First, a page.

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Sunday, May 28, 2023

It’s time for tough measures against antisemitism

It was just reported late last month that incidents of antisemitism in the United States rose this year by 34% to record highs, continuing a dangerous upward spiral. The numbers, released on April 26, come as no surprise to American Jews, whether they are students on college campuses, observers of anti-Semitic demonstrations or victims of violent attacks – in many cases assaulted by thugs solely because they look Jewish. 

As I observed this growing trend from afar while serving as the United States ambassador to Israel, I became increasingly disturbed – for my family, for my faith and for my country.

America is a great nation because of the Judeo-Christian values upon which it was founded. An American nation that is inhospitable to Jews is no longer a great nation. 


Antisemitism thus poses an existential risk to our country. The question is, what do we do about it?

Much has been said about this problem and many well-intended solutions have been advanced. But most ideas do little more than replicate the failed policies of the past. NGO’s dedicated to fighting antisemitism have been around for more than a century. 

David Friedman served as the United States Ambassador to Israel from 2017 to 2021. 

David Friedman served as the United States Ambassador to Israel from 2017 to 2021. 
(Courtesy David Friedman)

Although it is painful to say, we must acknowledge that they have not succeeded in their assigned task. We must step up our efforts to confront and defeat antisemites rather than trying to win their “hearts and minds.” Antisemites don’t have “hearts and minds” and certainly not both.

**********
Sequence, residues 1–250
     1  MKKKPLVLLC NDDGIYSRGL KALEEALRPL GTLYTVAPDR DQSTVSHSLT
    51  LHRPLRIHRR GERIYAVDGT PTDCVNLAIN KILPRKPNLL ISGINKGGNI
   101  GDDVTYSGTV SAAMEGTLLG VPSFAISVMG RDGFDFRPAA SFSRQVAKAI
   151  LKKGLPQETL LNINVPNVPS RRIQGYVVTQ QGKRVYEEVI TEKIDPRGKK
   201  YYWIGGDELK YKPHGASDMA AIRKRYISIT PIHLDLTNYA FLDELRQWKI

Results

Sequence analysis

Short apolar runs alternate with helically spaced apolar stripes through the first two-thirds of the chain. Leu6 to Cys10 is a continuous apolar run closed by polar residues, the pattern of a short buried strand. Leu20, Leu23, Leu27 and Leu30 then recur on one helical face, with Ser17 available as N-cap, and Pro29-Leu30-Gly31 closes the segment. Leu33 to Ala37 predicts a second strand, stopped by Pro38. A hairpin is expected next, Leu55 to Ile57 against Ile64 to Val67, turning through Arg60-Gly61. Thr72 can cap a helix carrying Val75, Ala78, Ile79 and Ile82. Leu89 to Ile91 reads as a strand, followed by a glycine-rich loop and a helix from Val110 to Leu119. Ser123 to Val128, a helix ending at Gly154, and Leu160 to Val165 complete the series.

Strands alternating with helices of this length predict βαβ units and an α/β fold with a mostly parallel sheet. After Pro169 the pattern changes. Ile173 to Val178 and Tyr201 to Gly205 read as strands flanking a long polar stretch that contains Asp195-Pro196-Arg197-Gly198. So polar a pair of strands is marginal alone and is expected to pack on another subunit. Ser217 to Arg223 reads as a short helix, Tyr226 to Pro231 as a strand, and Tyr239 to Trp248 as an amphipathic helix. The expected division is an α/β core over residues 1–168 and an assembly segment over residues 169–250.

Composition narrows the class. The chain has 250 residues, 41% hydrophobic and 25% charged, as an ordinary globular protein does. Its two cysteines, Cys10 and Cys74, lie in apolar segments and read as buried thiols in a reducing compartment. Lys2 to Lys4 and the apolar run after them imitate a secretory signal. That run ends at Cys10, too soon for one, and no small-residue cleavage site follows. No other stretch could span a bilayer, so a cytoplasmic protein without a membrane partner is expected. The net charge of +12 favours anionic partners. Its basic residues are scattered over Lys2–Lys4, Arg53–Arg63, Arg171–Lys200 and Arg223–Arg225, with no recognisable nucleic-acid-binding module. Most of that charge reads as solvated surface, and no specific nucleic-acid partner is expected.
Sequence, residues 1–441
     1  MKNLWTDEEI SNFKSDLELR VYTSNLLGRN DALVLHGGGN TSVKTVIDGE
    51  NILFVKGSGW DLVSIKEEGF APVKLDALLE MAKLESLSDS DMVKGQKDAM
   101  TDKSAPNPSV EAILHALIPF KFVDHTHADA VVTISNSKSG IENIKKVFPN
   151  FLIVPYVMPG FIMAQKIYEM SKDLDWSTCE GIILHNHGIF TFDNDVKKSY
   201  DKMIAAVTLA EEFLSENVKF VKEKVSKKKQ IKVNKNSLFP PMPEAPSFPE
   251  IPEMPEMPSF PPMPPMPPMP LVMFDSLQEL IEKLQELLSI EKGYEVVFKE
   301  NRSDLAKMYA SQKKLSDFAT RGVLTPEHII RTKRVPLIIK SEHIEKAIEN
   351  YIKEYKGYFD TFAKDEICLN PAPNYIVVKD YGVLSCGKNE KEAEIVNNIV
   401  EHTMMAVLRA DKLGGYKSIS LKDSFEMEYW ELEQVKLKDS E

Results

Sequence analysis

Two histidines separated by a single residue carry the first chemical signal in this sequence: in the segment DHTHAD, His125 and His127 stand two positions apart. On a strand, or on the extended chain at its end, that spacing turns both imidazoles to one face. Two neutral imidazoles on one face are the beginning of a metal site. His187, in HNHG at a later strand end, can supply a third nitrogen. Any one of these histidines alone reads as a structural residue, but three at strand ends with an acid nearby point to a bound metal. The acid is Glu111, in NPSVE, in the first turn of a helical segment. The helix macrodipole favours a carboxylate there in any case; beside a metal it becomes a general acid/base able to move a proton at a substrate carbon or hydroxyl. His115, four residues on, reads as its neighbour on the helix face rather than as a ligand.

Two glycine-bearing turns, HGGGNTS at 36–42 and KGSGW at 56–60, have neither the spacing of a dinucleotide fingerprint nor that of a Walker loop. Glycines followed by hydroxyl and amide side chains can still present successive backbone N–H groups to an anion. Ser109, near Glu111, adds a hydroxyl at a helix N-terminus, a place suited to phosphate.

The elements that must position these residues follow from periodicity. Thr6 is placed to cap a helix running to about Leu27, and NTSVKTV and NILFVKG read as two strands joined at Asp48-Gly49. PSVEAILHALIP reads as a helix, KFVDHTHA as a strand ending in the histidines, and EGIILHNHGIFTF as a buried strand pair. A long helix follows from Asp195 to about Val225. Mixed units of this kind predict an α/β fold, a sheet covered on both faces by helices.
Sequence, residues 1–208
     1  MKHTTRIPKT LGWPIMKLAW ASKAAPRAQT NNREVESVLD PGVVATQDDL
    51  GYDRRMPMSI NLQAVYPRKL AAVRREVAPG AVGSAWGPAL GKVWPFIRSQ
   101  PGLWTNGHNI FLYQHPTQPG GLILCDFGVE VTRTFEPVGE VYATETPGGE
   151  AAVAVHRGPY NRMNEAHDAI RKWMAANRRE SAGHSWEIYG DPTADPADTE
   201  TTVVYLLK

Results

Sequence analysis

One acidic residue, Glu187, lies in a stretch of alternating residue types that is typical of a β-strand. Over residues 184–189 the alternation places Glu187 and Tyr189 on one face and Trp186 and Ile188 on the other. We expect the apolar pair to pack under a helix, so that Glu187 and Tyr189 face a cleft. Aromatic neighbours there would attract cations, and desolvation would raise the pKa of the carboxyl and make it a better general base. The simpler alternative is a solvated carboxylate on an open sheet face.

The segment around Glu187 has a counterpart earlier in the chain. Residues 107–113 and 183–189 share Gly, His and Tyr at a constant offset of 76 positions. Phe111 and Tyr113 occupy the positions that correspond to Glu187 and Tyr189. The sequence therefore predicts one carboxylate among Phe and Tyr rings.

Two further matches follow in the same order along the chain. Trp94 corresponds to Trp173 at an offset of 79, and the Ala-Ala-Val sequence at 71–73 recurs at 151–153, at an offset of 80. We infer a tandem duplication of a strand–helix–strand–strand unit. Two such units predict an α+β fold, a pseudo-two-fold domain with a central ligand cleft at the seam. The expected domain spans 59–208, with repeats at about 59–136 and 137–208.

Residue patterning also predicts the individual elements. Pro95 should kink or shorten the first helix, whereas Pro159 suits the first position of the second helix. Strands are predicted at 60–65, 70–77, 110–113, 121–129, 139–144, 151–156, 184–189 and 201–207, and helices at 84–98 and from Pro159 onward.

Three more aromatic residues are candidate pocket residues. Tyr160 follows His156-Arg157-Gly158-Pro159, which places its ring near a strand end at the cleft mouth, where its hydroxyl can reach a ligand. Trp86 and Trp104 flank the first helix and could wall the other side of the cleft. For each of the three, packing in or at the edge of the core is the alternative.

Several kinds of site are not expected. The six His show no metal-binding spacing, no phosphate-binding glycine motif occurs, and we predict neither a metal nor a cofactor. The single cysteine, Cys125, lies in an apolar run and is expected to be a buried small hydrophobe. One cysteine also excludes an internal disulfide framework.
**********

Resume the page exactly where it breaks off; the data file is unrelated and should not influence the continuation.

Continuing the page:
Some experts posit that misperceptions of Israel and its policies are the root cause of the rise in antisemitism and push for greater education on Israel and the risks it faces from its enemies. 

Efforts to counter anti-Israel slander are important, but the challenge is daunting.  Virtually every American university is hostile to Israel and no pro-Israel professor has a chance for tenure. 


At the highest levels of American education, our “best and brightest” are taught to hate Israel. We should continue to make the case for Israel at every opportunity but we must recognize that we are swimming upstream.

It’s time to stop treating the fight against antisemitism as a civilized debate, as to which we must advance the winning argument. We don’t need to persuade antisemites, we need to defeat them! 

And then there are those who don’t even try to defend Israel – they just throw up their hands in defeat, arguing that we must cut loose anti-Israel sentiment from the definition of antisemitism – in other words, condone anti-Zionism as the price for leaving American Jews alone. 

It’s a shameful approach, but it’s becoming more prevalent.


Those combatting antisemitism are mostly engaged in defensive tactics that betray the fear and insecurity that has been the hallmark of the American Jewish community. We will not defeat antisemitism by only playing defense any more than we could win a basketball game with that strategy. 

It’s time to go on offense. Here are some initiatives I would welcome:

1. Demand that anti-Semites be held accountable. Step up law enforcement. Those engaged in violence or conspiracies to commit violence must be tracked, captured and prosecuted.